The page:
Statement of the Problem
There are a number of legal, psychological, and social circumstances that can precipitate a separation between parents and their children. Separations can occur due to suspected or actual physical or sexual abuse or neglect; physical or mental illness in parent (or child) that requires hospitalizations or that cause temporary or permanent parental incapacitation; sudden and acute medical traumas that require long-term treatment; military deployment; parental incarceration; residential placements, etc. Regardless of the cause of separations, a rupture in the parent-child relationship occurs that can create uncertainty, confusion, fear, or other concerns in children and their caretakers.
The circumstances of long separations may remain unclear to young children, and their memories may be vague, at best. When hurtful experiences have occurred, even after parental rehabilitation, children may continue to feel anxious or frightened around caretakers, sometimes without a full understanding of their feelings or concerns. When parent-child separations occur, situational and environmental changes may also take place, including children becoming wards of the state, living in group or foster homes, and attending different schools. Sometimes, children live with one parent or move with extended family members. The Juvenile or Family Courts may be involved in determining when, and under what circumstances, it might be appropriate for these parent-child ruptures to be mended through a gradual reunification process.
A typical first step in reacquainting parents and their children is to require a period of supervised visitations. In the last decade there has been an increase in the number of agencies that provide supervised visitation services and the type and quality of services that are rendered occur along a continuum. Some agencies have licensed, trained mental health professionals, especially trained in monitoring visitation schedule. Para-professionals or extended family members may also be designated by Courts to provide supervised visits. The overriding goal of these services is to provide a third party who oversees visits and monitors parent-child interactions to ensure that children are safe and comfortable.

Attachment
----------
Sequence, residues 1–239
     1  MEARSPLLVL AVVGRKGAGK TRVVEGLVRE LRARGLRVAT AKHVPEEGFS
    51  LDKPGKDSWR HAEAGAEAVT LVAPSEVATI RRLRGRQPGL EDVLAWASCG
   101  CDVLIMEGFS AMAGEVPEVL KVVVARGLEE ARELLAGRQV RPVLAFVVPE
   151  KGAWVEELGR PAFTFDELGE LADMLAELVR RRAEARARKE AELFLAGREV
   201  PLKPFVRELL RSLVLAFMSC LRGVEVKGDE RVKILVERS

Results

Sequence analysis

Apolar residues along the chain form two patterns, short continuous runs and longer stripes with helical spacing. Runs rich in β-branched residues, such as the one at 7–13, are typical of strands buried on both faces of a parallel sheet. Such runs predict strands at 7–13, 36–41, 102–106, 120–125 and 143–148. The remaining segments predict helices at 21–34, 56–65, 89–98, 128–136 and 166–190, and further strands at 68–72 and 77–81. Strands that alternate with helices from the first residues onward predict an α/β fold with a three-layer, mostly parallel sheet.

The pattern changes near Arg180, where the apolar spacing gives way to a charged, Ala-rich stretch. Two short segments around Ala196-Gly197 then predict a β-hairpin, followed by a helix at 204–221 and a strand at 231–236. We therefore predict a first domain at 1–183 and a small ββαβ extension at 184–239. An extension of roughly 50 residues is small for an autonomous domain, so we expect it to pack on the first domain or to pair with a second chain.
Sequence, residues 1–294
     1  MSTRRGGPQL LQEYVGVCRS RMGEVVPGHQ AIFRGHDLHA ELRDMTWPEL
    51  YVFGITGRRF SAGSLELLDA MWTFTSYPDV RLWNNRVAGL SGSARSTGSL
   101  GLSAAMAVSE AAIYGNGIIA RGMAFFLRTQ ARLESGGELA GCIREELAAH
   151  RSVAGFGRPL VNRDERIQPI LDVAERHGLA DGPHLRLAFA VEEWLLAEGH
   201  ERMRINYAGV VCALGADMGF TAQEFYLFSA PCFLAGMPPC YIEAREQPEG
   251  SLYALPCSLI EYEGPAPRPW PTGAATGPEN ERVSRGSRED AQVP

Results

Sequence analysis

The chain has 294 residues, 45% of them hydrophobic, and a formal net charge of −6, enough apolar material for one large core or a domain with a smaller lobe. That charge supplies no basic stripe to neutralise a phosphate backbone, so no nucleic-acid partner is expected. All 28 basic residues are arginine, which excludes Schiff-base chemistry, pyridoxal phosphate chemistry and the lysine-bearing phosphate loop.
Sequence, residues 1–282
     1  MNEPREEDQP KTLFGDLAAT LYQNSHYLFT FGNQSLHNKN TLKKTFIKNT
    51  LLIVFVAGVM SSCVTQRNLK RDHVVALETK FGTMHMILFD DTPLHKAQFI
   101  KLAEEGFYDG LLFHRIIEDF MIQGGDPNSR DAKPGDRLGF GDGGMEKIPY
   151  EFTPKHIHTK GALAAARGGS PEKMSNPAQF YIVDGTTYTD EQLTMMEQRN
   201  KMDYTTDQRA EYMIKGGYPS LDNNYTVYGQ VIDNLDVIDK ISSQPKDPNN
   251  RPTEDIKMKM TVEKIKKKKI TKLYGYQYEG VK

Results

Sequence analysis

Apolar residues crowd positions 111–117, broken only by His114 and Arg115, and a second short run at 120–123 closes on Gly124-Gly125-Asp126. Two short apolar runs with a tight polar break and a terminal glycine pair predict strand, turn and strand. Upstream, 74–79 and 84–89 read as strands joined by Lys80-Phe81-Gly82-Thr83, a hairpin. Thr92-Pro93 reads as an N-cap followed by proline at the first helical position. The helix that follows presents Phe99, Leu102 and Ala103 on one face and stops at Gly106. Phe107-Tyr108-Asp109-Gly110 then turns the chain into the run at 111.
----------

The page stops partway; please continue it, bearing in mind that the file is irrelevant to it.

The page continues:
Typically, supervised visitation schedules evolve over time to unsupervised visits, overnight stays, and eventually a more regular and/or more normative schedule of parent-child visits. Court involvement typically decreases and is eventually removed unless parents are unable to negotiate issues of custody and visitation on their own.
Description of Services
Gil Institute for Trauma Recovery and Education clinicians recognize the need for an additional service in which trained and seasoned mental health professionals, working within the context of attachment and child development domains, provide therapeutic parent-child sessions after separations. During these structured and coordinated therapy sessions, children have an opportunity to develop comfort with their parent, to adjust to their expectable feelings, to ask questions, and to adapt to the relationship that is currently available. In addition, clinicians will provide therapeutic guidance to parents and their children so that appropriate closure of the past can occur in order to move forward to re-establish an appropriate, empathic, and secure attachment.
Therapeutic parent-child sessions are undertaken if and when there is parental agreement and cooperation and parents can set aside their differences in the best interests of the child. Gil Institute clinicians will conduct a thorough assessment with both parents to determine if this service is relevant and appropriate and if services can proceed. Our clinicians reserve the right to refuse services in cases in which one or both parents are unable or unwilling to work on the common goal of re-establishing or strengthening attachment with the separated parent.